The last few weeks the weather has been stunningly beautiful here in Mid Wales, marking the return of children to school and the change of season from summer to autumn. Many things happen on the reserve at this time of year – we have said” goodbye” and “bon voyage” to Joe and Christelle, our 6 month summer interns who head off to Lake Vyrnwy reserve, and welcome Roz and Dave who will be with us for the next six months over the Winter.
As our summer visiting birds head off for warmer climates to the south, our winter visitors are beginning to arrive on the estuary saltmarsh and lowland wet grasslands. Already teal numbers are up to over 400, the barnacle geese arrived in early September and flocks of wigeon are on the increase. The next few weeks should see their numbers boosted along with the arrival of wintering lapwing, golden plover and Greenland White fronted geese.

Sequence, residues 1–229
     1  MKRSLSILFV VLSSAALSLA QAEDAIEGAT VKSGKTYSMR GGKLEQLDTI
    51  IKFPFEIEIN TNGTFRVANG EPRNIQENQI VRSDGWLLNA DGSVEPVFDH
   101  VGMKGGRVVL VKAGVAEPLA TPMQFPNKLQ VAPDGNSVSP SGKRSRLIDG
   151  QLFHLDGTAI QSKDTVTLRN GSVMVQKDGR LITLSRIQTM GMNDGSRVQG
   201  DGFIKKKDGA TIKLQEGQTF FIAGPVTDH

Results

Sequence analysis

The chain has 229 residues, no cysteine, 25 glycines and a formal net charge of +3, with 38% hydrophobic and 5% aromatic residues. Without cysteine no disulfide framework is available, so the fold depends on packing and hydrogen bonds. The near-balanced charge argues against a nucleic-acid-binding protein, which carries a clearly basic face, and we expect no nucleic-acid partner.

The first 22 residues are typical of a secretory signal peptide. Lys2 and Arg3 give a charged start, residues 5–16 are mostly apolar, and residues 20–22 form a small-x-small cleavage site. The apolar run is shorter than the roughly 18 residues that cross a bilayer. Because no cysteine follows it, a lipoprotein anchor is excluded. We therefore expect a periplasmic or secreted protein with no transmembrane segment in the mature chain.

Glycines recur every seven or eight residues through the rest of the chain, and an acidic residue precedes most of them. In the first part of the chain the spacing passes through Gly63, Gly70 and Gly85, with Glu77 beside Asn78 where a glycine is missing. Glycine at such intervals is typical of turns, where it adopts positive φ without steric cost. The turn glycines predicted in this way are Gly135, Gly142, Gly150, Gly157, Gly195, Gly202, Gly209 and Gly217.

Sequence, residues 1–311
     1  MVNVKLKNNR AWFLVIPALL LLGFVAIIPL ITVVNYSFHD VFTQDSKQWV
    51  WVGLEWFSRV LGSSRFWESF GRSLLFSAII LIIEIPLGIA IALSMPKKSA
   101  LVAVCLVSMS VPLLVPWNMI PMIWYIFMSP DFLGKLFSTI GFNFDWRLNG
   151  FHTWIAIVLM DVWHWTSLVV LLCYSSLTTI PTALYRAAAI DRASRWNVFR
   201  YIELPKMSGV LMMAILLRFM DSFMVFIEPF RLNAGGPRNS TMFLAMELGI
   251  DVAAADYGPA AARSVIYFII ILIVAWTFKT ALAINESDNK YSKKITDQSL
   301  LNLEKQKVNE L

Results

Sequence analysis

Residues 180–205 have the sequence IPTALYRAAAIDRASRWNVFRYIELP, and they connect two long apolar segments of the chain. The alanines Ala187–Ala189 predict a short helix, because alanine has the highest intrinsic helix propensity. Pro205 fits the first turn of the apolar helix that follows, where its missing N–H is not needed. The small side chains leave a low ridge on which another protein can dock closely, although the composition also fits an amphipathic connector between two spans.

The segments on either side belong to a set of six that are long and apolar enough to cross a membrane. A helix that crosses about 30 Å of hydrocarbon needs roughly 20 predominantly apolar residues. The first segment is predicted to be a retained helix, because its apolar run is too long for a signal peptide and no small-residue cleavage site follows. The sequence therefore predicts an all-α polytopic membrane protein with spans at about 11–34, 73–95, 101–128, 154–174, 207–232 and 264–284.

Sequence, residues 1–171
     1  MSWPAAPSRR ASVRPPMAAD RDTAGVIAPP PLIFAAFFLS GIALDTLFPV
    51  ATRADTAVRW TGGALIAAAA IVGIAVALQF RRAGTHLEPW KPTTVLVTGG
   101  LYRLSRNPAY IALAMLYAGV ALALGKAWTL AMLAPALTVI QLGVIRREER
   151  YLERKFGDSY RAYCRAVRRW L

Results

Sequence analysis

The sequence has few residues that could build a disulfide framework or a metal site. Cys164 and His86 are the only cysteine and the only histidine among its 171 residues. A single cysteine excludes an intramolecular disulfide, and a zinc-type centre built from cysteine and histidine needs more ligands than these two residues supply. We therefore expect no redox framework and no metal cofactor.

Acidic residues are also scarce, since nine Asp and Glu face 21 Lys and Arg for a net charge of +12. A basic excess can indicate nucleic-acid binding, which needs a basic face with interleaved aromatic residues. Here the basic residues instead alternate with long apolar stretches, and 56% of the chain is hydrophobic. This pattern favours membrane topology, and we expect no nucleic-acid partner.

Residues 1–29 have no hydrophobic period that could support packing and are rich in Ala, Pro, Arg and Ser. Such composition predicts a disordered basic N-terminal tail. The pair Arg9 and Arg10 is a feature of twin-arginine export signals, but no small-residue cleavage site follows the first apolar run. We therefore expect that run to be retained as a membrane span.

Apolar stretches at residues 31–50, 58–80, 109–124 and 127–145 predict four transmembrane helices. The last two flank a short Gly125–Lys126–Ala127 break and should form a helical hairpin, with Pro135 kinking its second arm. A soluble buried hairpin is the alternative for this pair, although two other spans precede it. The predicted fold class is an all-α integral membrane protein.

Numbers may not yet be high but our visitors are having wonderful days walking the paths and taking in the autumn hues as the trees begin to turn into a kaleidoscope of oranges, yellows and browns.
Those with both the time and the patience have been rewarded with great views of kingfishers, little egrets and kestrel.
Photo by Keith Roberts
The change in the season also marks the change in focus for the work of the conservation staff. As we move into autumn and winter, management work can begin. This has started with an area of Covert Du having been coppiced to create habitat diversity, whilst the wet scrape in front of Ynys Feurig hide being extended. The hope here is that with a larger wet area nearer the hide, visitors can enjoy closer better views of birds on these wet fields.
Extending Scrape at Ynys Feurig